Can A Watch Change Your Behaviour? The Scientific Effect Of What’s On Your Wrist

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Can A Watch Change Your Behaviour? The Scientific Effect Of What’s On Your Wrist

Words by Mr Josh Sims

7 May 2021

Dr David Ellis used to wear a traditional mechanical watch, but now wears a fitness tracker so that he can record his daily runs. An associate professor of information systems at the University of Bath, Dr Ellis has examined our attachment to fitness trackers. Specifically, he’s been looking at whether wearing one encourages us to become fitter – “The evidence for that isn’t good, I’m afraid,” he says – or whether it’s fit people who tend to buy fitness trackers. As if simply wearing something on our wrists could change our behaviour…

Oh, but it might. You see, Dr Ellis’s interest in fitness trackers is an extension of a previous academic paper of his, co-authored with psychologist Dr Rob Jenkins, which suggests that wearing a watch is closely linked to conscientiousness. In fact, your levels of conscientiousness – by turns associated with being organised, emotionally stable and, of course, punctual, all traits linked to high achievement – are likely to be higher if you wear a watch, compared with someone who doesn’t.

“I suspect that it’s the act of wearing a watch that makes you more conscientious”

“The effect is small, but it’s there, and during the study we controlled for gender and age [as well as location and mobile-phone ownership], so it’s a consistent effect,” says Dr Ellis, who studied, under lab conditions, the readiness of hundreds of individual watch-wearers and non-wearers to make an appointment on time. As you might expect, watch-wearers were less likely to be tardy. Perhaps more surprising, a second study revealed that watch-wearers would tend to actually turn up well ahead of time.

“Now, is it that the watch makes you conscientious in this way, or that conscientiousness makes you want to wear a watch?” asks Dr Ellis. Well, he set about answering that question, too, with a basic four-week study once he’d convinced the ethics committee that his plan passed muster.

With a control group who usually wear a watch anyway, he sealed a digital watch to the wrists of a number of study participants (using a kind of tamper-proof, heat-sealed shrink wrap), gave a second group a plastic wrist band as a placebo, and nothing to a third group. None of the participants knew the meaning behind any of it. The result? “It did seem that, after the study, those who wore a watch came back with higher scores on the conscientiousness scale [as measured using standard psychometric personality testing],” says Dr Ellis. “Although further tests would be required to be sure, I suspect that it’s the act of wearing a watch that makes you more conscientious. Those in the group that wore a watch and decided not to continue to wear one showed a subsequent reduction in conscientiousness. So, it looks as though wearing a watch actually shapes your personality.”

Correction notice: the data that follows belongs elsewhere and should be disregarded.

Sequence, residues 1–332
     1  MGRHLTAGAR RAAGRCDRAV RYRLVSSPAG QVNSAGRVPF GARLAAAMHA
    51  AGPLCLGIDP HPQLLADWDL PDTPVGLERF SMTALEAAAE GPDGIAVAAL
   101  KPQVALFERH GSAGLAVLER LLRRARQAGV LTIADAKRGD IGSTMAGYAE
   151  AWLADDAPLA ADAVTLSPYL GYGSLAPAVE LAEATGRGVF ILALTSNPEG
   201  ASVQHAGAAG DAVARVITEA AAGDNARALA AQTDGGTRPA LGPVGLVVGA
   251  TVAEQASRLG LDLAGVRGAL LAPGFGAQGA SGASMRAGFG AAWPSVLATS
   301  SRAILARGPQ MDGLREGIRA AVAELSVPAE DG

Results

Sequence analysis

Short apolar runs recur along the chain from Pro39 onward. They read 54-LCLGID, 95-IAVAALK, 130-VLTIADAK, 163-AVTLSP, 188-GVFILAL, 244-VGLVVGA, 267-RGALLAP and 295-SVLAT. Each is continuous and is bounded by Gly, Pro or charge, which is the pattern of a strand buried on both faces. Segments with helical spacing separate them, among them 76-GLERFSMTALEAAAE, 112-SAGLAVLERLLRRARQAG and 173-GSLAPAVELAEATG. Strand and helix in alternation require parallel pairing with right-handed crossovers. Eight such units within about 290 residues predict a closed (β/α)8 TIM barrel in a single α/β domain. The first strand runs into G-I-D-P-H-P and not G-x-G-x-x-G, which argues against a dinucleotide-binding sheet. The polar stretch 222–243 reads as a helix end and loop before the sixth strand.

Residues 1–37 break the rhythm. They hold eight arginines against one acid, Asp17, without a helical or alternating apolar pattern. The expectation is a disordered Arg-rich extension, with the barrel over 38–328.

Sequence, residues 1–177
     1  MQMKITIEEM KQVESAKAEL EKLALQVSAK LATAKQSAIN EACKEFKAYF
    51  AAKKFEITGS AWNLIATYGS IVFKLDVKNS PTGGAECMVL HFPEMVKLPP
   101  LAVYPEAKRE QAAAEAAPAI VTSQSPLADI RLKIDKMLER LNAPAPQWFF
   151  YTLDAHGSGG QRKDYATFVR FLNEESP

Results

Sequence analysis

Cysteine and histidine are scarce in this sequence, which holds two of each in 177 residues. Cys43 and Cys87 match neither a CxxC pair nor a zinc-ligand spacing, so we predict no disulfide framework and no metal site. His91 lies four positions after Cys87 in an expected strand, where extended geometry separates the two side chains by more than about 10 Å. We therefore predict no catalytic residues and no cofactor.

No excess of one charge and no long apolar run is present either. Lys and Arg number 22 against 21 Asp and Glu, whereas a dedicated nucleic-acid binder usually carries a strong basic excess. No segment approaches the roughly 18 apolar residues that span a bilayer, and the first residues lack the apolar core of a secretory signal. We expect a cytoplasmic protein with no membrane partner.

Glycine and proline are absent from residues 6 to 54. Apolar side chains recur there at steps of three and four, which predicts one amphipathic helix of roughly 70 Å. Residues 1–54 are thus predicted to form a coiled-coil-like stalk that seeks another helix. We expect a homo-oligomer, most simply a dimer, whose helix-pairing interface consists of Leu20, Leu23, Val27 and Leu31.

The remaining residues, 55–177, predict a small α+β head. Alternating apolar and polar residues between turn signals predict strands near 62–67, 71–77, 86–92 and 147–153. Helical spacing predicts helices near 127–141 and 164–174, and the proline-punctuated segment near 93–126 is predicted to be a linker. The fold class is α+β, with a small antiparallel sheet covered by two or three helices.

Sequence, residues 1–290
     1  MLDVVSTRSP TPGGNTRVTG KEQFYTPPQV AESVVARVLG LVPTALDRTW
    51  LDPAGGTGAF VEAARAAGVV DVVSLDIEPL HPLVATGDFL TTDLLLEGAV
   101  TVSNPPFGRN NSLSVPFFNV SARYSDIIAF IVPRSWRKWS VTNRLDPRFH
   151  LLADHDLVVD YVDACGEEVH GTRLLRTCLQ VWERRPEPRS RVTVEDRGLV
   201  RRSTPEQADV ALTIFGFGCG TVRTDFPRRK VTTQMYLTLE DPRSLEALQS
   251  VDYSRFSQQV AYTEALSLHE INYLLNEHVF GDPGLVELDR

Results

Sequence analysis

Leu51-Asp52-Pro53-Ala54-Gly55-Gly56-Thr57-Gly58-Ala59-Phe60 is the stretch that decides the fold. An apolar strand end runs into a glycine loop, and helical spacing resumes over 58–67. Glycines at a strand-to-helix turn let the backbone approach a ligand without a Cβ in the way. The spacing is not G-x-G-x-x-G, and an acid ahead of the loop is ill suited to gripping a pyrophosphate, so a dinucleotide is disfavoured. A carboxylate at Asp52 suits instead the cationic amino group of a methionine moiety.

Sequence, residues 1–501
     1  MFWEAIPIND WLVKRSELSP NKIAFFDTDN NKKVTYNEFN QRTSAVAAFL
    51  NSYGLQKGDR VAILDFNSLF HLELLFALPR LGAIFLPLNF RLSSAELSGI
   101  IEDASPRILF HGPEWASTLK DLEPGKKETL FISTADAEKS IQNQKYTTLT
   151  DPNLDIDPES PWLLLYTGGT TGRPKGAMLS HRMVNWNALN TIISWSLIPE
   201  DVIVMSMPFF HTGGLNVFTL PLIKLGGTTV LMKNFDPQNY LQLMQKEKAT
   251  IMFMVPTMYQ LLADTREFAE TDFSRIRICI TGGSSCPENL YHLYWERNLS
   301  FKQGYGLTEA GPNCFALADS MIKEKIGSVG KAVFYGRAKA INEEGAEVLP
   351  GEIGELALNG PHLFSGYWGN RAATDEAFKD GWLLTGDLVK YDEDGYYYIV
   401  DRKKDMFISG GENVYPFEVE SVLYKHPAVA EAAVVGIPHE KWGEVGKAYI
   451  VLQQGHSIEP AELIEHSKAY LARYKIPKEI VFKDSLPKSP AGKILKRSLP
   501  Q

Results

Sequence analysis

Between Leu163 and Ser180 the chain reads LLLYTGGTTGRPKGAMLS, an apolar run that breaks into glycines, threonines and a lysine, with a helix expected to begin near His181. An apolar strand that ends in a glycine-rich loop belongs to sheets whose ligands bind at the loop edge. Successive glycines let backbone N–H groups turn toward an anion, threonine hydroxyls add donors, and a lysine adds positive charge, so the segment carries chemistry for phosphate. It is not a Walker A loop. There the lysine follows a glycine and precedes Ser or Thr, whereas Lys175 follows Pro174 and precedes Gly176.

Dr Ellis adds that there is another layer to this complex interconnectedness of who we are and what we wear. This might well be expected given that watches are redundant as purely time-giving devices in an age of ubiquitous mobile phones.

Before timepieces became affordable, mass-market products, merely owning a watch said something about the wearer. It came from the need to be in command of one’s time, because time was especially valuable, and in turn became symbolic of one’s importance. Now that watches are functionally superfluous, might they be sending a similar message today?

“In this day and age, wearing a watch is an expression of who you are – that is part of the watch’s purpose now”

“I think, in this day and age, wearing a watch is an expression of who you are – that is part of the watch’s purpose now. There are theories of ‘enclothed cognition’, how the things we have about us are there to tell people about ourselves, and around how people come to embody what they wear, though it’s not yet clear how they stand up,” says Dr Ellis. By way of example, he notes that being given a white lab coat to wear and being told it is a “doctor’s coat” will elicit increased sustained attention compared to what happens if the same item is described as a “painter’s coat”.

“Watches have many roles and this perhaps explains why they’re still popular, because the values placed on them haven’t diminished,” he says.

Before you rush to congratulate yourself on being a watch-wearer, however, there is a flip side. Dr Ellis’ study also found that while a watch-wearer may be more conscientious, with all of the other positive traits that suggests, the decision to wear a watch also correlates with lower levels of agreeableness and openness to new experiences. Intriguingly, so does wearing glasses.

Both of these traits are associated with stress. It stands to reason that if you’re always conscious of your schedule, the less able you are to just live in the moment, man. Keep that in mind as you buckle up.

Illustration by Mr Jori Bolton

Calculated wrist